Tonsillitis is a medical term used to describe an inflammation that happens at the tonsils, a structure that consists of pads of tissue that are oval in shape and located at the back of your throat. There are a couple of tonsils in the throat and each of it is situated at each side of the throat. It is a kind of disease that is related to our oral hygiene and oral health.
For people who are suffering from tonsillitis, they will experience some signs and symptoms such as:
1. Your tonsils became red in color and swelling
2. Changes in the appearance of the tonsils for example white or sometimes yellow in color coating or patches on the tonsils.
3. You may have a sore throat and found that it is difficult or painful to swallow your foods
4. You may experience fever and rise in temperature of your body
5. There is a foul smell that came from your breath
6. The neck became pain and stiff
In some children, they will find that it is difficult to describe what they feel at that particular moment. But they will show some signs that will give us a clue that they are having tonsilitis including:
1. Drooling because of difficulty or painful to swallow
2. Refusal to eat
3. Abnormal fussiness
To date, it is believed that viruses are the most common cause of tonsillitis. However, research done shows that bacterial infections may also contribute to the occurrence of tonsillitis. The bacterium that causes strep throat, Streptococcus pyogenes (group A streptococcus), is the most prevalent cause of tonsillitis. Tonsillitis can also be caused by different strep strains and bacteria. The tonsils are considered to be the ‘front liner’ to our immune systems, as they will act as the first line of defense mechanism for the immune system against germs and viruses that enter the mouth. Because of that, the tonsils may be more susceptible to any infection and inflammation. However, following puberty, the tonsil’s immune system function diminishes, which could explain the adult instances of tonsillitis.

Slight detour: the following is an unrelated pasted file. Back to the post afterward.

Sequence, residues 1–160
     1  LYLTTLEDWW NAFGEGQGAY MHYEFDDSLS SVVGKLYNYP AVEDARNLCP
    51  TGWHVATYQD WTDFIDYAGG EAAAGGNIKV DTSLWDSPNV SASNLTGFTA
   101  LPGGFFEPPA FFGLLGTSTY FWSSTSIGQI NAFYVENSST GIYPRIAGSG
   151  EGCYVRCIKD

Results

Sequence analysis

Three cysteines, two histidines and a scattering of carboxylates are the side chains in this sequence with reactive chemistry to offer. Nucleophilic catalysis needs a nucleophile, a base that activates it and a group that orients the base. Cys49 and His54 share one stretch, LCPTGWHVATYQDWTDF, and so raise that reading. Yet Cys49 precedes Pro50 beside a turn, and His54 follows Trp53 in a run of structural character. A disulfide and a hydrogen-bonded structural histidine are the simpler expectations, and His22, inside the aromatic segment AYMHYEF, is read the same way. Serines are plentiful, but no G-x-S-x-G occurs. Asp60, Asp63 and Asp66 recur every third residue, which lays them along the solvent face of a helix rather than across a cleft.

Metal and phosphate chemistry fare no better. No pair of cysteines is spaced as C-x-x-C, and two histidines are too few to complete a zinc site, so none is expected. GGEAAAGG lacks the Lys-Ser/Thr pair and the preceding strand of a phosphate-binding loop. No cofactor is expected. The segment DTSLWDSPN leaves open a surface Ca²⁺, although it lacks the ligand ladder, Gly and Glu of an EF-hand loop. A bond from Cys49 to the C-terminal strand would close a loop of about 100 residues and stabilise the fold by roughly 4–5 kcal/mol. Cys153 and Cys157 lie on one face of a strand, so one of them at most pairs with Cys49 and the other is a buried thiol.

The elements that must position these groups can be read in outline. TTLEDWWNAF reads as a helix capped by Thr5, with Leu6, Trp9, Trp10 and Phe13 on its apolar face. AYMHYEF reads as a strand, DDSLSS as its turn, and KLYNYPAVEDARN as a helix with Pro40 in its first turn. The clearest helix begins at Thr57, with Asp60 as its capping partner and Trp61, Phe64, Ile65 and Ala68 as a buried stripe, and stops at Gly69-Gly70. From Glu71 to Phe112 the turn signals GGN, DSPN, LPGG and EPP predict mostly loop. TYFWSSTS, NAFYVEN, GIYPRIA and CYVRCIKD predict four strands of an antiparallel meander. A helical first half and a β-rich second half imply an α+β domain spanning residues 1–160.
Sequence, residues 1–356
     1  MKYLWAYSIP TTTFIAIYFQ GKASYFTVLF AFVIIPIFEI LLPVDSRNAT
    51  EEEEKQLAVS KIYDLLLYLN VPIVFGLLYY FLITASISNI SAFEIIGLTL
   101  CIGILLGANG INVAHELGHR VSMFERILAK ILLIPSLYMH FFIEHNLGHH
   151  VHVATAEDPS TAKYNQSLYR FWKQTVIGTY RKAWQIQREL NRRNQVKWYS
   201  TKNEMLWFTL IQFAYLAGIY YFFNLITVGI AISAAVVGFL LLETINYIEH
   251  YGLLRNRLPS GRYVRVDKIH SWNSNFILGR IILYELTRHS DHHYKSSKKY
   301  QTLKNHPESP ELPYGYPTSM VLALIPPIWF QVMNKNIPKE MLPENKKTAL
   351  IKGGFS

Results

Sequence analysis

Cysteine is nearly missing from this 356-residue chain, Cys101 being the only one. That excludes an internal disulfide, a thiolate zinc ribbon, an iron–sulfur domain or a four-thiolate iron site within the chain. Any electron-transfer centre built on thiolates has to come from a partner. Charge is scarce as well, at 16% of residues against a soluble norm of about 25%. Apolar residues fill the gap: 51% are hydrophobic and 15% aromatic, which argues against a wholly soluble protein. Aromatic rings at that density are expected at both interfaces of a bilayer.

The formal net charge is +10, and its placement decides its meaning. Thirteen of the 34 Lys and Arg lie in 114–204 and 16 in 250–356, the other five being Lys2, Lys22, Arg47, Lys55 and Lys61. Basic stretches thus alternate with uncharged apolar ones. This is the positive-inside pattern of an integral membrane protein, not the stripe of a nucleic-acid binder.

Tonsillitis can be caused by a number of reasons, including:
1. Age is a factor. Tonsillitis is most frequent in children, and bacteria-caused tonsillitis is most common in children aged 5 to 15.
2. Germ exposure on a regular basis. School-aged children are regularly exposed to viruses or germs that might cause tonsillitis due to their constant interaction with their peers.
Inflammation or swelling of the tonsils that mainly because of recurrent or long-term (chronic) tonsillitis can result in consequences for examples:
1. Breathing problems when sleeping (obstructive sleep apnea)
2. Infection that has spread to the surrounding tissue (tonsillar cellulitis)
3. An infection that causes a pus accumulation behind a tonsil (peritonsillar abscess)
If your child is having a tonsilitis because of the bacterial infection by group A streptococcus or another strain of streptococcal bacteria and it is left untreated or antibiotic treatment isn’t completed, he or she is at risk for unusual illnesses like:
1. Rheumatoid arthritis is a dangerous inflammatory disease that affects the heart, joints, neurological system, and skin.
2. Scarlet fever complications, a streptococcal infection marked by a large rash
3. Kidney inflammation is a condition in which the kidneys become inflamed (poststreptococcal glomerulonephritis)
4. Reactive arthritis caused by post-streptococcal streptococcal
Both of the germs that act as the main cause of tonsillitis (virus and bacteria), are very infectious. As a result, the greatest form of prevention is to maintain adequate hygiene. Teach your youngster to do the following:
1. Avoid sharing food, drinking glasses, water bottles, or utensils by washing his or her hands thoroughly and regularly, especially after using the restroom and before eating.
2. After being diagnosed with tonsillitis, he or she should replace his or her toothbrush.
To help your kid avoid spreading a bacterial or viral infection to others, follow these steps:
1. When your child is sick, keep him or her at home.
2. Inquire with your doctor when it is safe for your youngster to return to school.
3. Teach your youngster to cough or sneeze into a tissue or, if necessary, his elbow.
4. After sneezing or coughing, teach your youngster to wash his or her hands.
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